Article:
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Images of Dawlish

These images was presented and discussed at the History Group meeting on February 5th 2019. The first five pictures (with an accompanying map) were shown here earlier, here are the remainder. If you have any further information (or corrections) on any of these pictures please let me know. .

                                                                                                                                                 David Gearing

Backstage at the Shaftesbury Theatre. The designs on the womens’ skirts in the foreground together with the dark skin make-up on one of the men led me to think that this had an African setting. But in fact cast members are preparing for one of three one act plays being performed in April 1960, this one being called ‘Red Velvet Goat’, a Mexican folk-play based on a 1937 novella by Josephinna Niggli, which had also been a Broadway play in 1939. 


This Chapman studio portrait of girl with buttoned boots and ribbon sash is dated 11th April 1891. In the notes on this picture in Bernard Chapman’s he says that buttoned boots like this were ‘designed to keep legs a good shape’.
She is wearing a sash made from moire fabric, a textile with a wavy (watered) appearance produced mainly from silk, but also wool, cotton and rayon. The watered appearance is usually created by the finishing technique called calendering. In calendering, the fabric is folded lengthwise in half with the face side inward, and with the two selvedges running together side by side. To produce moire, ribbed rollers are used, and the ribs produce the watermark effect. The rollers polish the surface and make the fabric smoother and more lustrous. High temperatures and pressure are also used in its manufacture and the fabric is often damped before being run through the rollers. The end result is a peculiar lustre resulting from the divergent reflection of the light rays on the material, created by compressing and flattening the warp and filling threads in places, thereby forming a surface which reflects light differently.



This Chapman picture, which may originally have been a postcard, is a bit of a puzzle. It is titled Marina Estate, but the housing development which was originally given that name is actually off to the left of the photo, which is of Exeter Road with the shops and garage on the other side of the road close to the junction with Warren Road. It is also difficult to pin down the date, but I’d guess sometime in the 1950s. By zooming in on the full size image it’s possible to see that the garage sells Cleveland petrol, a brand that disappeared in 1973. The pumps can just be glimpsed behind the building on the left, on the roof of which ‘Petrol & Teas has been painted. The function of the white caravan isn’t clear – perhaps it served as the office for the petrol station.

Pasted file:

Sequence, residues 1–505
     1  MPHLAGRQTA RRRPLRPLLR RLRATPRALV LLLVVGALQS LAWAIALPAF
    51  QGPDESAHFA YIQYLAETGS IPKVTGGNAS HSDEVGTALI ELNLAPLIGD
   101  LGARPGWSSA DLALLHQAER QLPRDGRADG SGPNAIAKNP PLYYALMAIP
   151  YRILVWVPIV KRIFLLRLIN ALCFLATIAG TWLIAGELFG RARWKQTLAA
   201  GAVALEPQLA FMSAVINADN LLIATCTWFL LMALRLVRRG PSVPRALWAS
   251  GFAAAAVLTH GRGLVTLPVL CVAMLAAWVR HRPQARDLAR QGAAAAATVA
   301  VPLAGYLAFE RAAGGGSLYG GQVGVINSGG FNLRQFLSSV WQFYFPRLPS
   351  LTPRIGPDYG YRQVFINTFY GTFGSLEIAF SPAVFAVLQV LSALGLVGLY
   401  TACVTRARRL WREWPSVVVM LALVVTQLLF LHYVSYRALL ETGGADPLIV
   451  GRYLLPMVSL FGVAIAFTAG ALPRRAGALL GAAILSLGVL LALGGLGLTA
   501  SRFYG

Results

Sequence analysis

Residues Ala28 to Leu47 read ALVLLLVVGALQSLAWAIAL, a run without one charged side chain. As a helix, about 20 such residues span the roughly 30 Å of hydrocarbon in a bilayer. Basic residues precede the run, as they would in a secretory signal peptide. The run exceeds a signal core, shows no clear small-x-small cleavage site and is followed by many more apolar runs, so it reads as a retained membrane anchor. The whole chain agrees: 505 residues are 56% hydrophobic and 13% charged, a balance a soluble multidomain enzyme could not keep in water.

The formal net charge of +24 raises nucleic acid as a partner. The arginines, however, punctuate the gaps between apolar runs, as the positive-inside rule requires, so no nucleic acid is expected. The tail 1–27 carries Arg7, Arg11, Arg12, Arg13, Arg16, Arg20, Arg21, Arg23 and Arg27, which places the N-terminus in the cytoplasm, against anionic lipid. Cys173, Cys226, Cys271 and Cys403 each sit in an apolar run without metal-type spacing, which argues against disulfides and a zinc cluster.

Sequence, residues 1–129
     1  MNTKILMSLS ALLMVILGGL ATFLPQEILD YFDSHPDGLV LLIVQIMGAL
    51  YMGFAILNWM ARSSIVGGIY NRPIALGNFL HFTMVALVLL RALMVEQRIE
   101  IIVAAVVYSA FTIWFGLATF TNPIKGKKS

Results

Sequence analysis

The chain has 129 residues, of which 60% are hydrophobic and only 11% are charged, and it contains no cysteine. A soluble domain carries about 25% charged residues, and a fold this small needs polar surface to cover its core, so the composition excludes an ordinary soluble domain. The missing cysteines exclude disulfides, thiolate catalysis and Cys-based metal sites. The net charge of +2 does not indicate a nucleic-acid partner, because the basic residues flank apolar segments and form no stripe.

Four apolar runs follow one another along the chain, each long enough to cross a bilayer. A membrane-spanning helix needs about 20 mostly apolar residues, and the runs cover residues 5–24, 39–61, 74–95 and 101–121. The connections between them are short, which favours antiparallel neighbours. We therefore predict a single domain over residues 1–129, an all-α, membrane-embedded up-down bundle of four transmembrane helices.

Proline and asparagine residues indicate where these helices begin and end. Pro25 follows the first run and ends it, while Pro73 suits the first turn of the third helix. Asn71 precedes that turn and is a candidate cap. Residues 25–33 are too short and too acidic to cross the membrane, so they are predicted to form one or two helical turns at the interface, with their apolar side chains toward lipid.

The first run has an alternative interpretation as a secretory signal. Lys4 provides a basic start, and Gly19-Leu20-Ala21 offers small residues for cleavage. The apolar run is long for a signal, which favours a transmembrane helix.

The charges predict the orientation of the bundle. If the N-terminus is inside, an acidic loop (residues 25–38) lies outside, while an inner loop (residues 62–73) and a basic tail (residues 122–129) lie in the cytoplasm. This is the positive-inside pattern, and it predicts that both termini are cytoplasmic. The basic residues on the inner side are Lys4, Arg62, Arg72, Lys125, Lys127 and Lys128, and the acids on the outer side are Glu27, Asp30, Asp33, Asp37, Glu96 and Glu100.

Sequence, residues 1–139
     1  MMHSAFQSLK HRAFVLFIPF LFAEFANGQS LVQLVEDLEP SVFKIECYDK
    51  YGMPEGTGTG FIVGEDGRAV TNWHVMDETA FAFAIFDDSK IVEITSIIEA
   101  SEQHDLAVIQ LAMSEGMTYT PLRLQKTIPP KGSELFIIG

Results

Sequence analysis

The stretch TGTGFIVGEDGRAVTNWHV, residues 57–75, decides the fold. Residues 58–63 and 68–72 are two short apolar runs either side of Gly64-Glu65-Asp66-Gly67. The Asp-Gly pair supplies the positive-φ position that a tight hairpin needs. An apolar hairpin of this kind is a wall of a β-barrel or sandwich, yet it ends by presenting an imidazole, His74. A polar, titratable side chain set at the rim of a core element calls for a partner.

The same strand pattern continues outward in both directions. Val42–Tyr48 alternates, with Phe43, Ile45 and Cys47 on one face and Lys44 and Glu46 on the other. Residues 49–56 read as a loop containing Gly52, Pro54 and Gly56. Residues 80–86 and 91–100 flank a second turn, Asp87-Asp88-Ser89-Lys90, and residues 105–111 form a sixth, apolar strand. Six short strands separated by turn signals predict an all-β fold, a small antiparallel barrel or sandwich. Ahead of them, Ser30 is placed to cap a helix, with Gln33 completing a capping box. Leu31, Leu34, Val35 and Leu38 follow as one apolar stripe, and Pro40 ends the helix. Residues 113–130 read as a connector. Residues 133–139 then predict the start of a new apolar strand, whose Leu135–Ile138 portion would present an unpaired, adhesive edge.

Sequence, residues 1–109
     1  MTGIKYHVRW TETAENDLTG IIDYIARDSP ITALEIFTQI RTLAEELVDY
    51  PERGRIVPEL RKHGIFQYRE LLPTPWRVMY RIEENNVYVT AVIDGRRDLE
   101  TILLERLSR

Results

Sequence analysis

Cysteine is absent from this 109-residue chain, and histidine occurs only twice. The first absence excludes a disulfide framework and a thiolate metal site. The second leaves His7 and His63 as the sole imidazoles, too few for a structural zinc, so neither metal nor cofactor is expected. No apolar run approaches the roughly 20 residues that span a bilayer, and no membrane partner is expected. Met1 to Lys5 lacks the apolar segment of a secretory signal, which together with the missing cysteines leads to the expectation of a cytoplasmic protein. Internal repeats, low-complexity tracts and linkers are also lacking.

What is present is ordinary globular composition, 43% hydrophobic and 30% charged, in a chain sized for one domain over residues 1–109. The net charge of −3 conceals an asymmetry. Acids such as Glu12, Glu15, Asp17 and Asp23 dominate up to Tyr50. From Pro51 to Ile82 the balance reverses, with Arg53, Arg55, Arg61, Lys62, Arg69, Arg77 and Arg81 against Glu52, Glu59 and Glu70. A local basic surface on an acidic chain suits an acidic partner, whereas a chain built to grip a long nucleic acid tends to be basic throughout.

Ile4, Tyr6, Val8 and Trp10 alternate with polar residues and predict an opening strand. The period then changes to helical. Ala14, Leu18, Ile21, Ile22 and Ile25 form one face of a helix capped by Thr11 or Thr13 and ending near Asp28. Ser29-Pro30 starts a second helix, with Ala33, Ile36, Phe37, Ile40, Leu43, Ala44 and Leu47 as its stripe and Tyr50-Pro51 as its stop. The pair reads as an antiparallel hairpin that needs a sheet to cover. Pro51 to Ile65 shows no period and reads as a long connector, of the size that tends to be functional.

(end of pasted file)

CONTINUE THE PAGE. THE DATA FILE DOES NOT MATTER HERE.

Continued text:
This high quality aerial picture of the town centre and beach is probably from the second half of the 1930s. The basic layout hasn’t changed but it’s interesting to see what’s obviously different from today. The Ladies Bathing Pavilion is the prominent building on the beach – it was demolished in 1940. Much of the Lawn is occupied by tennis courts. There are eight or ten shops and a garage in Piermont Place and the roads around Tuck’s Plot are all two-way. And in the top right of the picture there are few buildings to the north of Longlands or west of Stockton Hill.


This is one of the series of watercolour paintings by W.Dawson of Exeter commissioned by the South Devon Railway in 1848 showing the route of the railway soon after it had been built. In order to see the detail more clearly it is shown below in two halves.

The first image below is of the northern half showing the beach with bathing machines, the station and engine house for the atmospheric propulsion system that was abandoned at the end of 1848, Mr Powell’s villa (Sea Lawn House) right next to the track. Seagrove House (later the site of Lanherne) can also be seen on the slope above the station.

The second image is of the northern half which includes Great Cliff and other houses on Marine Parade, the Public Baths, houses at a higher level on Teignmouth Road, and the entrance to the Kennaway Tunnel among the cliffs.

The third image is a sketch map of the southern end showing Sea Lawn House, the Coastguard Preventive Station, the Engine House, Seagrove, the Station, the Assembly Rooms and other properties either side of the canalised Brook, houses along Marine Parade, and Barton Lane joining Teignmouth Road